Wednesday, 1 May 2013

Australia: High Court judgments - preference shares and the scope of section 1322(4) of the Corporations Act 2001

The High Court - the highest court in the Australian judicial system - gave judgment today in Beck v Weinstock [2013] HCA 15. The court upheld the decision of the New South Wales Court of Appeal (see [2011] NSWCA 228) and unanimously held that preference shares could be validly issued even where, at the time of their issue, there were no other issued shares over which they enjoyed priority. Justice Gageler noted that "Questions of contemporary corporate finance are not readily determined by implications drawn from practices of past centuries ... It is inherent in the concept of a preference share that the rights attaching to it are differentiated from the rights attaching to an ordinary share. But it is not intrinsic to that differentiation of rights that there be ordinary shares on issue." (paras. 80 and 91). A summary of the court's decision is available here (pdf).

The court also gave judgment in related proceedings, Weinstock v Beck [2013] HCA 14, on appeal from [2012] NSWCA 76. The court upheld the appeal and held that the court could, under section 1322(4) of the Corporations Act 2001, validate the appointment of a director. Chief Justice French stated (para. 39):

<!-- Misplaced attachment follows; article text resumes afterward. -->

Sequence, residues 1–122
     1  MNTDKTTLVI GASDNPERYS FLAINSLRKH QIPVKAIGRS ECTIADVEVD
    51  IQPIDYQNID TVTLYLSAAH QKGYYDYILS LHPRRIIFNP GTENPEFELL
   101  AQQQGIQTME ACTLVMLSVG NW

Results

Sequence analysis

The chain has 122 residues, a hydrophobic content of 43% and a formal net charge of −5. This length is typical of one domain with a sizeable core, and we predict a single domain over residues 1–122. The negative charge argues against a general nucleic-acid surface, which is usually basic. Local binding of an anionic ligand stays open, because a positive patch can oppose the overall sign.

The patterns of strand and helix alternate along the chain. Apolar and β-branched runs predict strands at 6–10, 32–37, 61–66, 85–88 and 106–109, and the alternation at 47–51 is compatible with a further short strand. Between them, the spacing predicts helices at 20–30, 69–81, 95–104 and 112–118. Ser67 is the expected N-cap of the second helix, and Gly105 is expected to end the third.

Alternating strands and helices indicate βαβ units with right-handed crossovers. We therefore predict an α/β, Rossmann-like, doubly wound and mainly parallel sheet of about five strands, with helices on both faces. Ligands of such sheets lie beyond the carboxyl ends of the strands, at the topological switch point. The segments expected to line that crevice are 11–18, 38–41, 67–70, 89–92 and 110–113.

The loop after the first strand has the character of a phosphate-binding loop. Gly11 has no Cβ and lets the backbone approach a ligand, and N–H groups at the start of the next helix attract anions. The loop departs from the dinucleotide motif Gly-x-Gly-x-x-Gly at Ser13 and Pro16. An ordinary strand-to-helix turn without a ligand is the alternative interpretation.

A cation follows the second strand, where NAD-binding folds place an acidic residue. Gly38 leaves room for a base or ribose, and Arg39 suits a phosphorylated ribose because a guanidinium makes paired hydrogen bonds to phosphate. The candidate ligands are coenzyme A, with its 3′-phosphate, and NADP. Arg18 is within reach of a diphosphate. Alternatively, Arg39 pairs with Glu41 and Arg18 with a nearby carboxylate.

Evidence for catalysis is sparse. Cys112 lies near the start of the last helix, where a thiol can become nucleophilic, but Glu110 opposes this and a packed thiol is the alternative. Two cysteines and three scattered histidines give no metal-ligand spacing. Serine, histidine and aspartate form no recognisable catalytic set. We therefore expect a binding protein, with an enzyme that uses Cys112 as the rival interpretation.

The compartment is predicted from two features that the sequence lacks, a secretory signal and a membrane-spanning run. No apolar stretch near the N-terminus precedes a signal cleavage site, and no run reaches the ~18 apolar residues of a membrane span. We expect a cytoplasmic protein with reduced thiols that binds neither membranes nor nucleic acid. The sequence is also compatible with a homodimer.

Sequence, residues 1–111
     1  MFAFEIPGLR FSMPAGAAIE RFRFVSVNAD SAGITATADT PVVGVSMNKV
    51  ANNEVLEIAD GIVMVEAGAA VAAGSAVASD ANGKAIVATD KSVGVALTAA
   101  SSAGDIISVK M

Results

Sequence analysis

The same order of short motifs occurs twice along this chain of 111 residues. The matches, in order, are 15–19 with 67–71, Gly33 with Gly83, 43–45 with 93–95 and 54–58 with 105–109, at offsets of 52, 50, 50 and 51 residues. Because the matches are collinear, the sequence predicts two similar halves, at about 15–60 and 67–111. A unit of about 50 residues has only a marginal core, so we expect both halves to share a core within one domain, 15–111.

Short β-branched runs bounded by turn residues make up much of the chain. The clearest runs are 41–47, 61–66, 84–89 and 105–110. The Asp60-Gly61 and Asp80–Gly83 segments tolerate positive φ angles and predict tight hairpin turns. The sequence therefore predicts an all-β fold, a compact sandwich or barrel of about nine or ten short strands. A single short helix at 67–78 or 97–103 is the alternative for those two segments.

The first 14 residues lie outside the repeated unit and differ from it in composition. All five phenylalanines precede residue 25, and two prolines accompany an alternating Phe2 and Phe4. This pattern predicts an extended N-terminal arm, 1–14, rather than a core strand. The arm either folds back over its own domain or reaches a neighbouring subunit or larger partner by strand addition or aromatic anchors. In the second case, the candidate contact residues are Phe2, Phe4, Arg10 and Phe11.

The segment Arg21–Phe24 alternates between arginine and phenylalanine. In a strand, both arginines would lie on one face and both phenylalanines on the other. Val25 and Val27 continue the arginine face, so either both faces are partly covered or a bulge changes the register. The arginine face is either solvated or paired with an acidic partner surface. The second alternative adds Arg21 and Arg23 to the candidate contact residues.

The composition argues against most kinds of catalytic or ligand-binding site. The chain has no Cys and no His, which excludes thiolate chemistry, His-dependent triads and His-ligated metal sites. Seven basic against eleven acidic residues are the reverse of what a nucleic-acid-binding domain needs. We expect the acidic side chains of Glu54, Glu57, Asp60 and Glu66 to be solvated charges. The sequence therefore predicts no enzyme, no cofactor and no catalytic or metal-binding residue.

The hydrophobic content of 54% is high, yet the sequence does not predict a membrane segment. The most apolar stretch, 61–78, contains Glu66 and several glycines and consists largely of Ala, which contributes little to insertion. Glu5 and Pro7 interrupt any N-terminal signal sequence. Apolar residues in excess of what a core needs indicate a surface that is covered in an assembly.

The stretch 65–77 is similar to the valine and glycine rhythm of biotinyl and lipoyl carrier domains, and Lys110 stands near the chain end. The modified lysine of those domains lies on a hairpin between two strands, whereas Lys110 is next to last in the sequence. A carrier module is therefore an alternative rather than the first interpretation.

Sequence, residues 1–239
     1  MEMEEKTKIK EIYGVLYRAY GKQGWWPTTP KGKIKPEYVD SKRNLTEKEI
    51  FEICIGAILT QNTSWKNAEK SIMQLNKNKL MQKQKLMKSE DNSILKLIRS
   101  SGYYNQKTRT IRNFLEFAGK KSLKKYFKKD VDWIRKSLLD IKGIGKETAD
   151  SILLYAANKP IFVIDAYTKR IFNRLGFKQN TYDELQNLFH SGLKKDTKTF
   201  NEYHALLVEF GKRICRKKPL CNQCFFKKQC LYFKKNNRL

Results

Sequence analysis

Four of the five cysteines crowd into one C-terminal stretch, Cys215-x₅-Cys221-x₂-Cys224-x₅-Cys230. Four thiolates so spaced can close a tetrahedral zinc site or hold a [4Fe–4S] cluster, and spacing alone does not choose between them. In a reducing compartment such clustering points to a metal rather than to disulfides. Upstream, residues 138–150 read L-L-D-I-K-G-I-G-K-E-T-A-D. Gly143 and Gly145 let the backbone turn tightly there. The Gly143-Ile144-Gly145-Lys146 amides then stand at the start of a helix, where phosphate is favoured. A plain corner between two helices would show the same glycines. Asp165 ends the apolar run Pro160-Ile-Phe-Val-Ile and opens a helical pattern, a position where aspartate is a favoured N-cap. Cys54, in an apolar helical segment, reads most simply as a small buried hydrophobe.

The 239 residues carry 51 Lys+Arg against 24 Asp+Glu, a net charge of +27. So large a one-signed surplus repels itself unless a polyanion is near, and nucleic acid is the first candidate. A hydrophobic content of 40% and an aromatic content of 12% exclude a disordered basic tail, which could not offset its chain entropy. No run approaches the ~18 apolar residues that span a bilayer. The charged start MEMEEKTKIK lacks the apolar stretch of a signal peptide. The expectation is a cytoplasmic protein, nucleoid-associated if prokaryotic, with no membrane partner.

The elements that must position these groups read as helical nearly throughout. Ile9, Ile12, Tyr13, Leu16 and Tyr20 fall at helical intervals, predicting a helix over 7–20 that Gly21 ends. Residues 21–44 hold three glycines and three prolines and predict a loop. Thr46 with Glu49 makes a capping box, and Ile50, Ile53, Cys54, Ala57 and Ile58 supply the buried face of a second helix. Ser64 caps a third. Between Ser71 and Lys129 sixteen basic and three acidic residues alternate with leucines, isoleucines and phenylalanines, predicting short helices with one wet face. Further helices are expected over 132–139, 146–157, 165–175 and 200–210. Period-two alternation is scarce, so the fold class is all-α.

Corporations, in contemporary Australian society, serve the purposes of enterprises, large and small, owned and operated by men and women, some of whom are sophisticated, knowledgeable and well-advised on matters of corporate governance and some, perhaps many, of whom are not. Section 1322(4) and related provisions reflect a long-standing legislative recognition that mistakes will happen in corporate governance and that it is not in the public interest that the validity of decisions made in relation to corporations be unduly vulnerable to innocent errors which may be corrected without substantial injustice to third parties. In accordance with its evident purpose, s 1322(4)(a) is to be construed broadly and applied pragmatically, principally by reference to considerations of substance rather than those of form."

A summary of the court's decision is available here (pdf).

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